Lord please shine a light of hope
On those of us who fall behind
And when we stumble in the snow
Could you help us up while there’s still time

Well I don’t mean to be complainin’ Lord
You’ve always seen me through
And I know you got your reasons
For each and every thing you do
But tonight outside my window
There’s a lonesome mournful sound
And I just can’t keep from thinkin’
‘Bout the ones the wolves pull down

Lord keep me from bein’
The one the wolves pull down

© EMI Blackwood Music Inc/BMI

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By Townes Van Zandt

When the wind don’t blow in Amarillo
When the moon along the Gunnison don’t rise
Shall I cast my dreams upon your love babe
And lie beneath the laughter of your eyes

Snowin’ on Raton
Come morning I’ll be through them hills and gone
Snowin’ on Raton
Come morning I’ll be through them hills and gone

Mother thinks the road is long and lonely
Little brother thinks the road is straight and fine
Little darlin’ thinks the road is soft and lovely
I’m thankful that old road’s a friend of mine

So bid the years goodbye, you cannot steal them
You cannot turn the circles of the sun
You cannot count the miles until you feel them
You cannot hold a lover that is gone

Tomorrow the mountains will be sleepin’
Silent ‘neath the blanket green and blue
And I shall hear the silence they are keepin’
And I’ll bring all their promises to you

© Silver Dollar Music Inc. c/o Bughouse/ASCAP

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I ride an old paint, I lead an old Dan
I’m goin’ to Montana to throw a hoolihan
They feed in the coolies, they water in the draw
Their tails are all matted, their backs are all raw

Ride around, ride around real slow
the fiery and the snuffy are rarin’ to go

Old Bill Brown had a daughter and a son
One went to Denver and the other went wrong
His wife, she died in a poolroom fight
and still he keeps singin’ from mornin’ till night

When I die, take my saddle from the wall
Put it on my pony and lead him from his stall
Tie my bones to his back, turn our faces to the west
And we’ll ride the prairie that we love the best

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My Last Go Round

By Rosalie Sorrels

What sweet love have I come by
On my last go round
Soft caresses, tender sighs
Have my heart unbound

I have stumbled, lost and wild
Onto sacred ground
But I have loved just like a child
On my last go round

Riding down rusty rails
On my memories
All those honky-tonks and whisky rivers are
Flowing back to me

We drank the rivers and we rode the twisters
We tumbled down to the ground
But we wake and rise, spend our glory
On the last go round

When my wandering soul shall rest
And my last song gets sung
I’ll find the brightest and the best
On my way back home

And all my long lost friends and lovers
Once again they will be found
And I’ll kiss all their shining faces
On my last go round

I have stumbled, lost and wild
Unto sacred ground
Ah, but I have loved just like a child
On my last go round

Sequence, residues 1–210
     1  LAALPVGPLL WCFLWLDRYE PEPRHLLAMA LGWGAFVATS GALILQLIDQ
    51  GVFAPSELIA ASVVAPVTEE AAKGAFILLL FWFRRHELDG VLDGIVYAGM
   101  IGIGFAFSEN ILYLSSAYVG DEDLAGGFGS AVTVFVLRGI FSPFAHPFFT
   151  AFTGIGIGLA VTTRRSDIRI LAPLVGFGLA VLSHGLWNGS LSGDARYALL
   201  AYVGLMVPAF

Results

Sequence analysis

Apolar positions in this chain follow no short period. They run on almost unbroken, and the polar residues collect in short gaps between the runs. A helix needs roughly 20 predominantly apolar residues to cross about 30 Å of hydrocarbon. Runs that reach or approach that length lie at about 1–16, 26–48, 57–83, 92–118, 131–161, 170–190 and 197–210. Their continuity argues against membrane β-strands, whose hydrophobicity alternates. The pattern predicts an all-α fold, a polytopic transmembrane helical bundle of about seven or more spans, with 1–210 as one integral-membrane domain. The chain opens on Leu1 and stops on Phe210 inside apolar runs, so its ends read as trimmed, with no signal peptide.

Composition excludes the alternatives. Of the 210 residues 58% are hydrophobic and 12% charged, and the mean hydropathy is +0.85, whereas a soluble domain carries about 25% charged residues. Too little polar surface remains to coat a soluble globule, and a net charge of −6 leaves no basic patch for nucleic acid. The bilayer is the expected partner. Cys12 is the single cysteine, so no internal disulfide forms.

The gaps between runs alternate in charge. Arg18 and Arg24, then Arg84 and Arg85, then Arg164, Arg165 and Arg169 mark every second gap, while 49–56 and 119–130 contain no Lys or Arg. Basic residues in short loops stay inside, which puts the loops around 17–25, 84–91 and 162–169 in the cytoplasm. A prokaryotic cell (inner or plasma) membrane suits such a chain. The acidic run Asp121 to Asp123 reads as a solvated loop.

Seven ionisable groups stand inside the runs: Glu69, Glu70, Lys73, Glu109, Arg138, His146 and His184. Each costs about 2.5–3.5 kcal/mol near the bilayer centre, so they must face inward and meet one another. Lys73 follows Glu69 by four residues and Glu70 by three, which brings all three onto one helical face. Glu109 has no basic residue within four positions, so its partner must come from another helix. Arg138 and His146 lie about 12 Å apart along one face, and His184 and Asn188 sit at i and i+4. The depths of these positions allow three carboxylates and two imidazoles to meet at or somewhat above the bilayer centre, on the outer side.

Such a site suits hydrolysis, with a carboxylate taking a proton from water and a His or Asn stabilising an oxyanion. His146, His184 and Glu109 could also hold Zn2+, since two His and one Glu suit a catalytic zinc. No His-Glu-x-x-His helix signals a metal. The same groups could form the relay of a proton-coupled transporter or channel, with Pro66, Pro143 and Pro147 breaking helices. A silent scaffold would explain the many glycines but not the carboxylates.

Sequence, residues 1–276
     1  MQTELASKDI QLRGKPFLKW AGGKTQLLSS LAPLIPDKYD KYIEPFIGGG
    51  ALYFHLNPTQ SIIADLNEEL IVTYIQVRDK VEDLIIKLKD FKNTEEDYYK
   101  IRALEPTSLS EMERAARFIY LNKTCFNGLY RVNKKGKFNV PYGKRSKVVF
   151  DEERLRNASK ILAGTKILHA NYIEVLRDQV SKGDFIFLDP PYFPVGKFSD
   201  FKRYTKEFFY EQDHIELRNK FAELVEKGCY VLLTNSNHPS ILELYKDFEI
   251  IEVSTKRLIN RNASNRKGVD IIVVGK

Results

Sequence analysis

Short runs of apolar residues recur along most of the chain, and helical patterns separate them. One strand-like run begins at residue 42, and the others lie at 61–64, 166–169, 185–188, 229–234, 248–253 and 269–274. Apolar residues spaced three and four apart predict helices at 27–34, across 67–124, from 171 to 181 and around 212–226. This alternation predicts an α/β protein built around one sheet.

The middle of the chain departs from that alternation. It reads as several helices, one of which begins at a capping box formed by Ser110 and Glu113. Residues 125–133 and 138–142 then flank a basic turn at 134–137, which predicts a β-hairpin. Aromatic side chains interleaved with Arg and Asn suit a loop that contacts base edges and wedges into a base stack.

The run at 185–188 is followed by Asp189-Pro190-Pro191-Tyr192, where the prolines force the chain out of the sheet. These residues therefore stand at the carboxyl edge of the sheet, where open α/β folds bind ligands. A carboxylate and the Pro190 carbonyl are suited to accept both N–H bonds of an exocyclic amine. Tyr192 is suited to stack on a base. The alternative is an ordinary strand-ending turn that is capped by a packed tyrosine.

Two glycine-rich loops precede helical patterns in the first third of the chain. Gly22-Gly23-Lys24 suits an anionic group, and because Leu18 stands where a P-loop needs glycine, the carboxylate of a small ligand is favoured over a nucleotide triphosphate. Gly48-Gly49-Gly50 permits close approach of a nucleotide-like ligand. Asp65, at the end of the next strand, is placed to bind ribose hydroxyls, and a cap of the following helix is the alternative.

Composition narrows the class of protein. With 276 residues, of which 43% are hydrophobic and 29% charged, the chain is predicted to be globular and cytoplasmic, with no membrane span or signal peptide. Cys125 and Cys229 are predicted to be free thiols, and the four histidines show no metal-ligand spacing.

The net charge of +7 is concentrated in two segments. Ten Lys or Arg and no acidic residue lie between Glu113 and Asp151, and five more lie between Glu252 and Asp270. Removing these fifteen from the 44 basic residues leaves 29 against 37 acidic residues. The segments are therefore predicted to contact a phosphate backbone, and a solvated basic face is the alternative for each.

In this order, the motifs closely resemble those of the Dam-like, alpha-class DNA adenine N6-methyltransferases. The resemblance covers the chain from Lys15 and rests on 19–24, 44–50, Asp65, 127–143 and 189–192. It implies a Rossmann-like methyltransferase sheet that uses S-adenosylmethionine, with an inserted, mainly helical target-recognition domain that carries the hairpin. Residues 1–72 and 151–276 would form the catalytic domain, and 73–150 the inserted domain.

© Grimes Creek Music/ASCAP

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By Rebecca Folsom, Celeste Krenz, Elizabeth Barnez and Diana Jones

If I had a gun, you’d be dead
One to the heart, one to the head
If I had a gun, I’d wipe it clean
My fingerprints off on these sheets

They’d bury you in the cold hard ground
Fistful of dirt would hold you down
They’d bury you in the cold hard ground
It’d be the first night I’d sleep sound

If I had a gun no one would cry
No one would mourn the day you died
I’d leave you there wearin’ your ring
I’d leave your name, I’d leave everything

They’d bury you in the cold hard ground
Fistful of dirt would hold you down
They’d bury you in the cold hard ground
It’d be the first night I’d sleep sound

If I had a gun, I’d drive away
I’d drive away, I’d drive away

©2008 Dakota Wind Songs (ASCAP), Mudhead Music (BMI), Yarjones Music (ASCAP)

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By Jennifer Warnes and Nancy Bacal

The moment we said good bye
Silence tore across the sky
The riverbed lay wide and dry
As far as I could see
And someone said
My ghost was found
Laying her burden down
Taking the long way around
Underneath the moon

Somewhere on the prairie,
A little cross is mine
A simple wooden marker
With a plastic rose entwined
And in the stillness of the twilight
As the tumbleweeds wind
I am crawling like a scorpion
across the melancholy time

so shred the poems
let the wild birds chase them in the breeze
let them make their nests
from words like please
put those dreams to rest
throw them at the moon
blow the confetti across
the golden west

I was the fragrance in the wild flower
Opening for only you
In the delicate hour
Before the cold shot through
Ten thousand years from now
You’ll put your hand in mine
Remembering a fragrance
Full of melancholy time

You see those ravens breaking the prairie sky?
We used to go where ravens fly
Our giddy laughter made the angels cry
to fly as free as you and i

somewhere on the prairie
a cross, a rose, a shrine
standing for true love
gone before its time
there goes your shadow down the highway
out that road I could’t find
while I crawl like a scorpion
slowly to the new world
across these miles of prairie
full of melancholy time

© 2001 Warnes Music/BMI

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1. North Platte – Barry Walsh wrote this piece specifically for the album, and when he told me it was called "North Platte" I had to smile. In Colorado everyone knows the North and South Platte rivers, which originate in the Rocky Mountains and run through Colorado, Wyoming and Nebraska before joining the Missouri River. A river in Colorado is different from a river back East – in the spring when the snow is melting it can be a raging torrent, and in late September a dry riverbed. Just like the rest of nature in the West, it’s constantly changing, and underestimating it can cost you your life. A beautiful, evocative piece, which we reprise later on in the record.

2. Prairie In The Sky – I grew up listening to Mary McCaslin, enchanted by the sound of her voice and the wispy, spare sound of her records. I sang her song "The Ballad of Weaverville" for years when I was playing bars in Colorado. But it was "Prairie In The Sky", the mystical, dreamlike Western song that really got me. For me this song set the tone for the whole record. Barry played an old pump organ, which was not tuned to concert pitch, so we had to slow down the whole track to get it in tune with the organ. It sounds like something from another time, which, of course, it is.